Performance is probably the greatest London film of all time. When this strange and unsettling fusion of counterculture and crime was finally released in 1970, it was accompanied by a novelisation – a cheap paperback by William Hughes published by Tandem – that I chanced upon last week behind the counter in the fabulous Bookmongers on Coldharbour Lane. I love novelisations, so this was a no brainer.
Although I’ve read a few books about Performance – the best is Paul Buck’s 2012 biography of the film published by Omnibus, which frustratingly lacks an index – I’m not sure I was aware there had been a novelisation. There’s a short review here, but there’s little about William Hughes on the internet, although his name does crop up on Abe Book alongside some other novelisations of the era – 1968’s Secret Ceremony, 1971’s Lust For A Vampire, 1974’s The Marseille Contract, 1976’s Aces High and 1978’s Death Sport among others. A follower on Twitter suggested his real name was Hugh Williams.
UPDATE Head to the comments for a great twist on the “who was William Hughes” question…
What particularly appealed was the knowledge that novelisations are often written from early drafts of scripts, which means there are interesting differences between the plots as told in the books and what you get in the finished films. I was very keen to see how Performance the book differed from Cammell and Roeg’s final film, and also curious at how the author would tackle some of the stranger moments from the film, including the famous ending. Incidentally, apparently the film’s dialogue coach and underworld/counterculture figure David Litvinoff wanted to write it, but was declined.
The book is, as you’d probably expect, a lot more conventional than the film – but that isn’t saying a great deal, as most things are more conventional than Performance. William Hughes is a decent writer who has a great sense of pace and solid grasp of genre, so he is pretty assured when dealing with the first half of the story – about the gangster Chas who oversteps the mark and has to do a runner. This all unfolds at great speed, but we are also treated to some insights into Chas’s background, motivations and general sense of unease at his chosen career as a heavy. We learn that Chas lives in a “luxury flat in predominantly working class” Shepherds Bush, and his activities take him to various parts of London including Campden (sic) Town, where he terrorises a mini cab firm, Mayfair, Liecester Square (sic) and the Temple, where a lawyer’s chauffer is shaved while his Rolls-Royce is covered in acid.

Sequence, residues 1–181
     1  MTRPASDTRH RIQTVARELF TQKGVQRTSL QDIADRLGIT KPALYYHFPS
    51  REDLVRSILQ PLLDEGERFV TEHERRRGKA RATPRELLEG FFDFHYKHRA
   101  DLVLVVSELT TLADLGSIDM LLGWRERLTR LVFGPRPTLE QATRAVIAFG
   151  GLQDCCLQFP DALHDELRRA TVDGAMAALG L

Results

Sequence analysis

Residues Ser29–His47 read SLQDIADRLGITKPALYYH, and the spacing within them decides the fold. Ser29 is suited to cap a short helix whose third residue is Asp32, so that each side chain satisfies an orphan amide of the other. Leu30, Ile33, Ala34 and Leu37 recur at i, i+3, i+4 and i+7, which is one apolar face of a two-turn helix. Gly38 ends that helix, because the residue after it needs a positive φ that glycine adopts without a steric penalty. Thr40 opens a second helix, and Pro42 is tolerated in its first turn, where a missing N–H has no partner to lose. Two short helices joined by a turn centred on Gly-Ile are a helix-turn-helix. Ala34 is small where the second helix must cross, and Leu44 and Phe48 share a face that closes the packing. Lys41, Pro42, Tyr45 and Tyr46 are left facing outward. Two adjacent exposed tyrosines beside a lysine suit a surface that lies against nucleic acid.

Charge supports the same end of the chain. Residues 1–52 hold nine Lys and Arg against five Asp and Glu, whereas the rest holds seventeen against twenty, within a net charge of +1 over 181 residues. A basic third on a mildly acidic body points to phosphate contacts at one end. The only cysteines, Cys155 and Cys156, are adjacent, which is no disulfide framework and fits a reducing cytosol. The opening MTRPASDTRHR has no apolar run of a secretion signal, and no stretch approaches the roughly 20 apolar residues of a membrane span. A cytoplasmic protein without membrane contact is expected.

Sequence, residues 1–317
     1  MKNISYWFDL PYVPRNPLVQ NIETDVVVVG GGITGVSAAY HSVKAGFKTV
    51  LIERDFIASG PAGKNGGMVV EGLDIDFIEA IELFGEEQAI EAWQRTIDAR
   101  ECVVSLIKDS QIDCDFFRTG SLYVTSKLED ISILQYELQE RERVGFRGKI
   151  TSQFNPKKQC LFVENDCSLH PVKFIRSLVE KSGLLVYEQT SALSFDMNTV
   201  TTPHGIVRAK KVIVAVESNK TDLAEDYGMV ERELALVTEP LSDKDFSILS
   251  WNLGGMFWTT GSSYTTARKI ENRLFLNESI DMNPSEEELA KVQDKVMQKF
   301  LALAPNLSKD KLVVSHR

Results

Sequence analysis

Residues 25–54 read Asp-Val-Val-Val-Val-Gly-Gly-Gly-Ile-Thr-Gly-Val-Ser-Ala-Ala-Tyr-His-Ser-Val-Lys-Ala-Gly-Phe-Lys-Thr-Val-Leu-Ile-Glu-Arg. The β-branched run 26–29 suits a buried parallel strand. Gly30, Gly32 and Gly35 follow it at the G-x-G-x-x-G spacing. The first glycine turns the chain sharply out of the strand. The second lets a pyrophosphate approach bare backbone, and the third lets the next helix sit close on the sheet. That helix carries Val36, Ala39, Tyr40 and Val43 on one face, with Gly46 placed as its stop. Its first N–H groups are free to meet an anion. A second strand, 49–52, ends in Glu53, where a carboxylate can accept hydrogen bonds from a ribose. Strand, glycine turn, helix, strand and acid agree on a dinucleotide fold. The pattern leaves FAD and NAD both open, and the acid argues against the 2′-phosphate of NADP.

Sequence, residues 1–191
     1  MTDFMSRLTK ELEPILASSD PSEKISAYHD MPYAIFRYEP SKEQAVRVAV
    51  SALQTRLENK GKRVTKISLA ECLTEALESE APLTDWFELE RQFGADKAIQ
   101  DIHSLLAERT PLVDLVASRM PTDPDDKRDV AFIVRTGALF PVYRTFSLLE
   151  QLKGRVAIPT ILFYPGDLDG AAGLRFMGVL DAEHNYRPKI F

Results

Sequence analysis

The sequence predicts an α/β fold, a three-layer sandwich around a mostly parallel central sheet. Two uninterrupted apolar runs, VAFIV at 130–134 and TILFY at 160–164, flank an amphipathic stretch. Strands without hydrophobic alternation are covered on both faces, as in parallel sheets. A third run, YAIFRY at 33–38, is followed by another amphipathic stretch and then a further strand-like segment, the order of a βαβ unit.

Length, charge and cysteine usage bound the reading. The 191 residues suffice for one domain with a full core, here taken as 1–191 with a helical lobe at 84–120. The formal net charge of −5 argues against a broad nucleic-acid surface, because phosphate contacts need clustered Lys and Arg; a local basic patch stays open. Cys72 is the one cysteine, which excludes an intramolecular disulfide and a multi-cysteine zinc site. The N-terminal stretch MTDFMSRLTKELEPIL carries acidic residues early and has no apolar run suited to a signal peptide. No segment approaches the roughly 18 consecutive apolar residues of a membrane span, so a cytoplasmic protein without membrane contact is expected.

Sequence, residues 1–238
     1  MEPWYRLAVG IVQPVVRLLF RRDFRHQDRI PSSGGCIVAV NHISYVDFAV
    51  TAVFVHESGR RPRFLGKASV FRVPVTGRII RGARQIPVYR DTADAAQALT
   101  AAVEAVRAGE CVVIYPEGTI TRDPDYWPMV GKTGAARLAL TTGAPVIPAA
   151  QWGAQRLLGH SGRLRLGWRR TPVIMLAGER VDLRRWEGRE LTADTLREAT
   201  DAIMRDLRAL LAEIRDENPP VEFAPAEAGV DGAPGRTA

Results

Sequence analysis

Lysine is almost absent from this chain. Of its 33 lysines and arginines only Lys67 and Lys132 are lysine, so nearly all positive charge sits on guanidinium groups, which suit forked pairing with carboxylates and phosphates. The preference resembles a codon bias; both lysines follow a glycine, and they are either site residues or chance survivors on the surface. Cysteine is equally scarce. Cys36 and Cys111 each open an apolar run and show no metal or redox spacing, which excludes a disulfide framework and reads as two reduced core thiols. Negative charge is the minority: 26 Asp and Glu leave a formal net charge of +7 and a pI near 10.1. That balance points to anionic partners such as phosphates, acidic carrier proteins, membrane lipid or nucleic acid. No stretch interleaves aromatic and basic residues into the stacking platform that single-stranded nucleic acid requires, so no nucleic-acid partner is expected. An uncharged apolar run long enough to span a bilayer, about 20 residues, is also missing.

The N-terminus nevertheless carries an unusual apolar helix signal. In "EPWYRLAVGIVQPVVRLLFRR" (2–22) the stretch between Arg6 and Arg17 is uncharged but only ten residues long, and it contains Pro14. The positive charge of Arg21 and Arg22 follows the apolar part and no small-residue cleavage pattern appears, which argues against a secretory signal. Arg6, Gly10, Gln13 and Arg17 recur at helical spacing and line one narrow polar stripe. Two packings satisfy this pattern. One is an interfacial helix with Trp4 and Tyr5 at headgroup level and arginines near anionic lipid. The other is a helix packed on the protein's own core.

In the film, things get much weirder when the action moves to the home of a reclusive rock star in West London – in the film this is located at Powis Square but here it’s named as 22 Melbury Terrace, “behind Notting Hill Tube”. Hughes handles that transition fairly well and there’s a sense of Chas’s discomfort as he encounters Turner and his two female friends, Pherber and Lucy. But while in the film this relationship becomes relationship increasingly complex and sinister, the book – presumably following the initial script – has the two worlds quickly come to an understanding. They develop a sense of mutual respect and it all feels far more comfortable than it does on film. There’s also much less sex. Or as one Twitter user put it..